Cambridge colleges raise £150 million through bonds

A group of colleges at the University of Cambridge have collectively raised £150 million for capital projects through the private debt market.

December 24, 2013

The bonds have been arranged privately with a small group of investors and cannot be listed on the stock exchange or traded.

It is thought to be the first time that a series of smaller colleges have joined together to issue private bonds in the higher education sector.

The law firm advising on the deal, Mills and Reeve, said it could provide a model for other universities wanting to secure investment.

The Cambridge colleges will use the funds to finance on-going programmes in college buildings. There are 18 colleges involved in the scheme including Christ’s College, King’s College and Trinity Hall.

Together, three bonds were arranged through “special-purpose” intermediary companies with the money then lent on to the colleges. The bonds have an average interest rate of 4.42 per cent and average maturity of almost 33 years.

Each individual college has borrowed between £3 and £18 million and the loans are separate so that no college is accountable for another’s debt.

Sarah Seed, banking partner at law firm Mills and Reeve, said: “The reality is that the higher education sector in the UK, and across the world, is experiencing significant change. This requires new solutions, especially in the area of finance.”

Raising funds through private, rather than public, debt placement means that no credit rating is needed.

Last year, the University of Cambridge itself issued a £350 million public bond to raise money for building projects.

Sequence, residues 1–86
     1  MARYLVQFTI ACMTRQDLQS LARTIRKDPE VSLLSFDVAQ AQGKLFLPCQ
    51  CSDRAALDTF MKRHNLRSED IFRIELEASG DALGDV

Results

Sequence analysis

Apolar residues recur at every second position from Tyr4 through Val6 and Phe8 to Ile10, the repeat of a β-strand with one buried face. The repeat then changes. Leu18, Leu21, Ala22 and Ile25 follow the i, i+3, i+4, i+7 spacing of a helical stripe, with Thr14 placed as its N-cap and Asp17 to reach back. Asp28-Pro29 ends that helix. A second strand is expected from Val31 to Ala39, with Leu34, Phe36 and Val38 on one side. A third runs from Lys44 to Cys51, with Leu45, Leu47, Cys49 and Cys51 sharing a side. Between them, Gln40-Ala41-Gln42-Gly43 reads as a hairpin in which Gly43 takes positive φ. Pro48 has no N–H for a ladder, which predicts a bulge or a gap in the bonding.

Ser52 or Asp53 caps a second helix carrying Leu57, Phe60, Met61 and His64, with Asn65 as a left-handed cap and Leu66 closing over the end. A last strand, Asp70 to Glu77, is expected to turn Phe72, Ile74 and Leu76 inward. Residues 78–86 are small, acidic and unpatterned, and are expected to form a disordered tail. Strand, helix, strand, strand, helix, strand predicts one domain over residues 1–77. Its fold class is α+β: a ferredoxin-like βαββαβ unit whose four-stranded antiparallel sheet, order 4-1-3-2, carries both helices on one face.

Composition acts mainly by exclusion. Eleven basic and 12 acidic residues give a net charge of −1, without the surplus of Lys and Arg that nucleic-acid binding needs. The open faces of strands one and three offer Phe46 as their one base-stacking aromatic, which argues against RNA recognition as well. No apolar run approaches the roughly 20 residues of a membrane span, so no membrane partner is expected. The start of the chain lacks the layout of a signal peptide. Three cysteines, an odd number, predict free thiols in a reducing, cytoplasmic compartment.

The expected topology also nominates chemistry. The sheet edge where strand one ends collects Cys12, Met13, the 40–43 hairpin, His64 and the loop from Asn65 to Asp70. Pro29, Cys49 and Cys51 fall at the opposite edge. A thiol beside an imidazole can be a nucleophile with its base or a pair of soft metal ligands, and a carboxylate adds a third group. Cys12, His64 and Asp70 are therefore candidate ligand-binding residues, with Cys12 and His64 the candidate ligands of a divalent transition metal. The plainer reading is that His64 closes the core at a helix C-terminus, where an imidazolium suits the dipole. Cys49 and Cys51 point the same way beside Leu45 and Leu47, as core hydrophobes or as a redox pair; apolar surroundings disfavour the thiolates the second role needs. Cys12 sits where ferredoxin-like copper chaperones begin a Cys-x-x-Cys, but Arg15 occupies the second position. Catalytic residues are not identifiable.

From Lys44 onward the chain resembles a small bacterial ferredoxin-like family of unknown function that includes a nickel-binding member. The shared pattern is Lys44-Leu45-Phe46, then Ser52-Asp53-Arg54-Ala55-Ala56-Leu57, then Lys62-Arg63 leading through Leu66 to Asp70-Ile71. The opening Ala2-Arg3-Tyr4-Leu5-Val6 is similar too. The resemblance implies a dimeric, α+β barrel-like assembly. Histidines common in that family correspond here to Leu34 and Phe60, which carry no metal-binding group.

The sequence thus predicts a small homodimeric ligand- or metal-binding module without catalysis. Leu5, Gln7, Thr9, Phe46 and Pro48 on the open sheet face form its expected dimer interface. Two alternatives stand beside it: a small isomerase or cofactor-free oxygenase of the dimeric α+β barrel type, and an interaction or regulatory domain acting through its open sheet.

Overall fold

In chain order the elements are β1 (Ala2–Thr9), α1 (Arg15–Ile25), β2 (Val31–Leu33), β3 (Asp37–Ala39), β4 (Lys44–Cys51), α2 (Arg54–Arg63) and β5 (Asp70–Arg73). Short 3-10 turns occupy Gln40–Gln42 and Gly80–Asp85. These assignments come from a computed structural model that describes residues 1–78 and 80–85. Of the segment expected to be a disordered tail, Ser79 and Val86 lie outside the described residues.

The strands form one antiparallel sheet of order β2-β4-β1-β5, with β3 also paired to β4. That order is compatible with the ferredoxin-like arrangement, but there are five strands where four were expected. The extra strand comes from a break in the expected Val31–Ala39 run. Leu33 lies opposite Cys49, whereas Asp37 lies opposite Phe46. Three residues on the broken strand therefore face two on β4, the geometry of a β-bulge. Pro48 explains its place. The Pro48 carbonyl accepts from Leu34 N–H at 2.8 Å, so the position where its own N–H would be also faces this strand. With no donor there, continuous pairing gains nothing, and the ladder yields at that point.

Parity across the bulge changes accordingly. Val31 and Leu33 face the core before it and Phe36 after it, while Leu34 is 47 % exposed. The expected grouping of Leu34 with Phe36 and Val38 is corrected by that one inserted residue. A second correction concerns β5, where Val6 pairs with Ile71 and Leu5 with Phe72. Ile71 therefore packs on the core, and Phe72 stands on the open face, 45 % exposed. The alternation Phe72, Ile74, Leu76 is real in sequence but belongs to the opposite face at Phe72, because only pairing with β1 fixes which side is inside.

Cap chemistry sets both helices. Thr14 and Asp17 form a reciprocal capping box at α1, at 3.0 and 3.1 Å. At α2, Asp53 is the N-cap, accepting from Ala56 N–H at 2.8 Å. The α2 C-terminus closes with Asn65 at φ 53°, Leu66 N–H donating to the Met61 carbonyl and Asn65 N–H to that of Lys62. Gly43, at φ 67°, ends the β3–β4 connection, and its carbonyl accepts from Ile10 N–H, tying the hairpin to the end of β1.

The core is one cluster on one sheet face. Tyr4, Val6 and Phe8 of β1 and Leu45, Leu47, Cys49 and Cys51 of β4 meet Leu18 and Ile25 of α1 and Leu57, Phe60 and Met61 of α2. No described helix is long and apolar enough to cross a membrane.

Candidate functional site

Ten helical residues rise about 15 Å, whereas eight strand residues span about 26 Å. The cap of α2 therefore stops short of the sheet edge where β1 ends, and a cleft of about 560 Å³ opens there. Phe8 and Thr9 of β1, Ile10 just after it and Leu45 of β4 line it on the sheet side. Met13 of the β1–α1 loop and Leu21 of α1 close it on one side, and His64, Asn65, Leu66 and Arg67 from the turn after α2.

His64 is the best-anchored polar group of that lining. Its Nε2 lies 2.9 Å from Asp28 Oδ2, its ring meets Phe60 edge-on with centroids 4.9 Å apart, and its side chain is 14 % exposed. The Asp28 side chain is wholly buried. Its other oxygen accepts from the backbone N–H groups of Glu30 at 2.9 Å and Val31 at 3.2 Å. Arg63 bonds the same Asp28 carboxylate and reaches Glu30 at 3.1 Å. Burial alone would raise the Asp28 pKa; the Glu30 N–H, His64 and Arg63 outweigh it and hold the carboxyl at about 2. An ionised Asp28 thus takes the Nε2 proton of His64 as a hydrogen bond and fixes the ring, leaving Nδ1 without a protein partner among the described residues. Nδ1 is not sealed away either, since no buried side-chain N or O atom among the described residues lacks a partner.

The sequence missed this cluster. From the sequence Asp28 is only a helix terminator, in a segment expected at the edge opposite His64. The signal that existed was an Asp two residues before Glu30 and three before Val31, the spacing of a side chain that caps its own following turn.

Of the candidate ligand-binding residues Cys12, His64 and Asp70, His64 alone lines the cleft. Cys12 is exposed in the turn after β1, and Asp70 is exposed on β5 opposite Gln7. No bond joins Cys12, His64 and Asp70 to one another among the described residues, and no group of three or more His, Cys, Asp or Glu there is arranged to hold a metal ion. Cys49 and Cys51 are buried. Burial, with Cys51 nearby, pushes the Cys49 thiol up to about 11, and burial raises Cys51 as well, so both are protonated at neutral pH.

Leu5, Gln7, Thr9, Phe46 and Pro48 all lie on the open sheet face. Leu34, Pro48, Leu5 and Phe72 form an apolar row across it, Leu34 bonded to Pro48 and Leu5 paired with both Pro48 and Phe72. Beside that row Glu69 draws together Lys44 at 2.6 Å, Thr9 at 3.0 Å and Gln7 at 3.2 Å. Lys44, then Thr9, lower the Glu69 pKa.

holly.else@tsleducation.com

You've reached your article limit

Register to continue

Registration is free and only takes a moment. Once registered you can read a total of 3 articles each month, plus:

  • Sign up for the editor's highlights
  • Receive World University Rankings news first
  • Get job alerts, shortlist jobs and save job searches
  • Participate in reader discussions and post comments
Register

Have your say

Log in or register to post comments

Featured Jobs

PhD Scholar in Medicine

University Of Queensland

Manager, Research Systems and Performance

Auckland University Of Technology

Lecturer in Aboriginal Allied Health

University Of South Australia

Lecturer, School of Nursing & Midwifery

Western Sydney University

College General Manager, SHE

La Trobe University
See all jobs

Most Commented

women leapfrog. Vintage

Robert MacIntosh and Kevin O’Gorman offer advice on climbing the career ladder

Woman pulling blind down over an eye
Liz Morrish reflects on why she chose to tackle the failings of the neoliberal academy from the outside
White cliffs of Dover

From Australia to Singapore, David Matthews and John Elmes weigh the pros and cons of likely destinations

Mitch Blunt illustration (23 March 2017)

Without more conservative perspectives in the academy, lawmakers will increasingly ignore and potentially defund social science, says Musa al-Gharbi

Michael Parkin illustration (9 March 2017)

Cramming study into the shortest possible time will impoverish the student experience and drive an even greater wedge between research-enabled permanent staff and the growing underclass of flexible teaching staff, says Tom Cutterham